Good liturgical celebrations foster and nourish faith.
Liturgy makes a difference in people’s lives, and a parish that takes this ministry seriously does more good than it can ever possibly know. Each week, you as a community have one chance to reach, somehow, both those people who for some reason come to one of your liturgies every week and those who just happen to wander in. If not the most significant opportunity for ministry you are faced with each week, it is certainly the most obvious.
While liturgy committees may have started because of the need to understand and implement all those vast liturgical changes of the 1960s and 1970s, right now the need is different: our church needs a new generation with a sense of adult responsibility for every aspect of the church’s work. Now, a liturgy committee is a necessary source of future leaders and ministers.
Without a strong base of lay leaders in place who understand liturgy and are comfortable with leading, planning, and evaluating it, parishes will become sadder places, as the number of priests continues to fall and new forms of leadership fail to take their place. The future is very much in the hands of laypeople who believe that their work will help keep our liturgical traditions alive and powerful. Liturgy committees are one place where people like that can get their training, their experience, and their support. And of course, strong liturgy committees also have benefits in the here and now: they help each parish find its unique way of making the prayer of the church its own.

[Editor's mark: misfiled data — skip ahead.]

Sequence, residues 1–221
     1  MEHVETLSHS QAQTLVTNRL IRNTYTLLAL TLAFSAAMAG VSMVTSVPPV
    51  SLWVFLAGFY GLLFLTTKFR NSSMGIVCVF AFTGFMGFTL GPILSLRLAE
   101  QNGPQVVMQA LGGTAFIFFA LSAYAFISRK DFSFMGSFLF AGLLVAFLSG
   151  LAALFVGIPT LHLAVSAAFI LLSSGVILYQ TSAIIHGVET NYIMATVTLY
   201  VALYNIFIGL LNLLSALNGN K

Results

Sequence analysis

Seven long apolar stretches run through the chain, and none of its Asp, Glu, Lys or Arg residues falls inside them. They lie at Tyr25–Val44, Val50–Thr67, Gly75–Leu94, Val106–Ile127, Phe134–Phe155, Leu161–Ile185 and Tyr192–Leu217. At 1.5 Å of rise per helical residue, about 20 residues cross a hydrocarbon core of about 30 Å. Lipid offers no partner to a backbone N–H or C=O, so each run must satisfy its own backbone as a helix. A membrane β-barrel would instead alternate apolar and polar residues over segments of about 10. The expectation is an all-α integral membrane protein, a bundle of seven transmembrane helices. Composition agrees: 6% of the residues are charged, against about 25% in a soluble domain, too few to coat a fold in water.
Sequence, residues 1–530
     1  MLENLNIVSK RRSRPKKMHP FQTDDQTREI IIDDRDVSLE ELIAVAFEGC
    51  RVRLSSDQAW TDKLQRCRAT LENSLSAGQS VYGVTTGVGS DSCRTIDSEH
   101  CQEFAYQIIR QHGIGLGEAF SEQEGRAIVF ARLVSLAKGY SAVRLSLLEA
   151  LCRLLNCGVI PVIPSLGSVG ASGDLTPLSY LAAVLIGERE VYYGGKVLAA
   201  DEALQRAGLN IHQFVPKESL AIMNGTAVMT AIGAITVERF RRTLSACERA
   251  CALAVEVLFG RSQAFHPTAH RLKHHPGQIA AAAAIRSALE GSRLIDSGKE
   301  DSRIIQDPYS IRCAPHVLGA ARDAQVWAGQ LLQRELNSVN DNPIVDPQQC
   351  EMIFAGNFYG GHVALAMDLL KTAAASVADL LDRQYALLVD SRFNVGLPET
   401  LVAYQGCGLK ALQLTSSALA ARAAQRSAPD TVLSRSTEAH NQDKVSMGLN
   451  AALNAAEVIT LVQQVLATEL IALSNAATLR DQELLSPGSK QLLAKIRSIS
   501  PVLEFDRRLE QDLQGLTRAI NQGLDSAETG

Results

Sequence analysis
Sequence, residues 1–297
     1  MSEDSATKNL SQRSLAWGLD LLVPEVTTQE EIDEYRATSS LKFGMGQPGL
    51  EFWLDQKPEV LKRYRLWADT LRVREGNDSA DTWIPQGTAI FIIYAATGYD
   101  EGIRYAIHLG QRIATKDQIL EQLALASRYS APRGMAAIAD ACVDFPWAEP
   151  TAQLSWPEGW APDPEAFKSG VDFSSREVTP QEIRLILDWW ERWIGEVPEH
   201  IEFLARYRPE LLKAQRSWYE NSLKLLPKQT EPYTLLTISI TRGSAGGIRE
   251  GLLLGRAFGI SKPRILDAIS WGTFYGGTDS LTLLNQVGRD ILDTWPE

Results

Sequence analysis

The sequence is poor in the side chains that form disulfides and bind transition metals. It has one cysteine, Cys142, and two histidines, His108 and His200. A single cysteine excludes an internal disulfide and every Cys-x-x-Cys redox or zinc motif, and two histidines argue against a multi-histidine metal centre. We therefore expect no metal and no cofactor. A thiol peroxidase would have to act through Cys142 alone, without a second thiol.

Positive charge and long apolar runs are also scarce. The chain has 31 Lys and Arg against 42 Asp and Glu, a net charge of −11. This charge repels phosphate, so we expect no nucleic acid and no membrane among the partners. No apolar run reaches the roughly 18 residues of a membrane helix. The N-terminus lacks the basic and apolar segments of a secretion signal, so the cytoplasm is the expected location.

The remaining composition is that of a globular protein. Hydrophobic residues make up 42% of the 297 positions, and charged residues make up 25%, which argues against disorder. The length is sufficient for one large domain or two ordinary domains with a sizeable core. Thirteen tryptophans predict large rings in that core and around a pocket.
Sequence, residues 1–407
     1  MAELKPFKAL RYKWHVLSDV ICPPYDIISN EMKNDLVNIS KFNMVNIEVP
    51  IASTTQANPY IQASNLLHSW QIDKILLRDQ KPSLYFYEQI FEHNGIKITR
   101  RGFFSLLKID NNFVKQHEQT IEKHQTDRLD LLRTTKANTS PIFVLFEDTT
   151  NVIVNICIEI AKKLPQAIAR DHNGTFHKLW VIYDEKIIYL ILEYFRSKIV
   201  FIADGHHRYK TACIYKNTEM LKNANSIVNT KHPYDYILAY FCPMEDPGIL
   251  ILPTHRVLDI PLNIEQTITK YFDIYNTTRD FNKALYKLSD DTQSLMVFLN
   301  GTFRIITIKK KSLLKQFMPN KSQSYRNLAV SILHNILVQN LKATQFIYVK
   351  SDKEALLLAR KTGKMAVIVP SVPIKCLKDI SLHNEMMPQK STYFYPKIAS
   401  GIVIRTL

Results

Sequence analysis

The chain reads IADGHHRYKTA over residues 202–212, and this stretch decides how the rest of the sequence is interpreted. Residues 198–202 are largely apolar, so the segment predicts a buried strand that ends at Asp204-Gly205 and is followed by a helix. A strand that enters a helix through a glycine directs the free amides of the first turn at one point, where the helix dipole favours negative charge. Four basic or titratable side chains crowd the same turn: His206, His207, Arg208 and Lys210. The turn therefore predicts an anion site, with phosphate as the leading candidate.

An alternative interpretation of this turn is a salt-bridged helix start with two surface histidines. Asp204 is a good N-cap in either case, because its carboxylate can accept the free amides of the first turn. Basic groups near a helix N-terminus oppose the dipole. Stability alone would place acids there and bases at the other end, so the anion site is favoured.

While the term “liturgy committee” has a peculiarly North American ring, its existence is in fact hinted at in the General Instruction of the Roman Missal, Rome’s principal document on celebrating the Eucharist.
All concerned should work together in the effective preparation of each liturgical celebration as to its rites, pastoral aspects, and music. (Section 73)
The official reason for liturgy committees is simple. Liturgy articulates and supports the faith of the community, and each community in our church is different. That means that the members of each community need to get involved. It’s simple, really: The community must be represented in the planning and evaluation of its liturgies. It is crucial for the clergy and professional staff of the parish to be supported by, and hear reactions from, a wide variety of community members. This kind of participation will mean that the needs of a community’s members—and there will be a great variety of needs, changing constantly—are reflected in its liturgical life.
Principles of Good Liturgy
- Liturgy is always an act of praise of and to God.
- The ‘theme’ of every liturgy is the paschal mystery: that is, the life, death and resurrection of Christ.
- Liturgy (all liturgy, not only Mass) is the peak activity of the Church.
- The aim to be considered before all else when preparing and celebrating liturgy is that everyone present can participate fully, consciously, and actively. Liturgy is not a performance or entertainment.
- Christ is present whenever liturgy is celebrated in the people assembled for worship, in the scriptures proclaimed, in the consecrated elements, and in the person of the ordained presider.
- Liturgy is a ritual activity; there are set patterns and familiar cues and responses.
- Liturgical symbols should be large and clear.
- Liturgy is more than only words.
- Liturgy has a beginning, end and middle (Gather/ Listen/ Do/ Go)
- Liturgy is connected to real life
- Liturgy is a dialogue between God and His people!
Marc Barylo - Ph: 988-9607